Q.  What is intellectual property?

A.  Intellectual property is “property (as an idea, invention, or process) that derives from the work of the mind or intellect; also, an application, right, or registration relating to this.”  Merriam-Webster’s Collegiate Dictionary at 650 (11th ed. 2003).  Federal and state laws recognize property rights in different forms of information, including (i) copyright which protects expressive information, (ii) patent which protects technological information, (iii) trademark which protects symbolic information, (iv) trade secret law which protects proprietary information such as formulas, patterns, compilations, devices, methods, techniques or processes, and (v) the Semiconductor Chip Protection Act of 1984 which protects the layout and design of semiconductor chip products.  

Depending on the type of intellectual property, different formalities may need to be observed in order to protect those rights.  For example, under patent law an inventor may be precluded from obtaining a patent if the subject matter of the claimed invention was publicly used or on sale in the United States by anyone, including the inventor, more than one year before the effective filing date of the U.S. application, or if the subject matter of the claimed invention was patented by anyone, anywhere in the world, more than one year before the effective filing date of the United States application.  35 U.S.C. § 102(b).  In contrast, registration is not required for copyright or trademark, although there are certain advantages to doing so.  Under trademark law, the failure to use a mark, or the improper use of a mark, may jeopardize one’s trademark rights.  Under trade secret law, the failure to take reasonable steps to protect the secrecy of information that is the subject of trade secret may vitiate any protections that may otherwise apply.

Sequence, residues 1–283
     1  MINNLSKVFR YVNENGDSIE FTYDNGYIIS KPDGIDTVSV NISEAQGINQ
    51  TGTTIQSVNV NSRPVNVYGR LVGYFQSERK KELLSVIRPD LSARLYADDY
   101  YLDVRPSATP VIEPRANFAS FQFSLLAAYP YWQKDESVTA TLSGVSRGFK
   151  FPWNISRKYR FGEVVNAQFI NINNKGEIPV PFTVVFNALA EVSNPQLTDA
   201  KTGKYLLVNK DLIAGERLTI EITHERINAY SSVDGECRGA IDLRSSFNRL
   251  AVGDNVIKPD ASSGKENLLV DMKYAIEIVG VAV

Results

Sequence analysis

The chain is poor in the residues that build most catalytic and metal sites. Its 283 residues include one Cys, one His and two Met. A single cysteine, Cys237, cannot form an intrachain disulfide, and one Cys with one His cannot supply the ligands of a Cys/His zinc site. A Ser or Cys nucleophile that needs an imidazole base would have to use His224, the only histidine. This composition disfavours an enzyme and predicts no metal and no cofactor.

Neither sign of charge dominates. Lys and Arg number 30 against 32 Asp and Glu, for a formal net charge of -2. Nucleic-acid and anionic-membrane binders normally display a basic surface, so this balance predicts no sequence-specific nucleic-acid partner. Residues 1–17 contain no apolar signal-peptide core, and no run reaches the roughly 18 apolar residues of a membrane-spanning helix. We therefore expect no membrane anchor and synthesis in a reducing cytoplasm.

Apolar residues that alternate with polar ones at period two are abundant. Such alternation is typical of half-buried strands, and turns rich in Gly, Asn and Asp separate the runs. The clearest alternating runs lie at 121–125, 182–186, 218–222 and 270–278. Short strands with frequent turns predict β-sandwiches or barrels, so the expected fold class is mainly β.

Because we live in an “information age,” intellectual property is increasingly becoming more and more valuable.  For example, a 2007 study found that 60% to 80% of the market capitalization of public companies was due to intangibles such as their brand names.  Indeed, the value of the Coca-Cola brand and other intangibles was estimated at an astounding 79% of the Coca-Cola Company’s market cap.  In other words, only 21% of the Coca-Cola Company’s market value was in its hard assets.  See Competing for Customers and Capital, Victor J. Cook, Jr., available at  http://www.customersandcapital.com/book/2007/04/cocacolas_other.html (last visited July 2, 2008).

Attorneys specializing in intellectual property can advise businesses on what intellectual property assets they may have or need to protect, implement strategies to protect the value of those assets, and help companies realize the commercial value of those assets.  Importantly, attorneys can help businesses comply with their internal business policies and risk tolerance in navigating third party intellectual property rights.  


Last updated May 21, 2009
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Allen M. Lee  Mr. Lee’s practice focuses on business, corporate and intellectual property matters, including the creation, protection and exploitation of intellectual property assets.  He counsels clients on business formation, general corporate matters, trademark, copyright, trade secret, patent, licensing, internet and domain name issues, among other things.  For more information contact: Allen M. Lee, a Professional Law Corporation, Tel: (650) 254-0758, Fax: (650) 967-1851, Email: allen@allenmlee.com, Internet: www.allenmlee.com.

 

 

 


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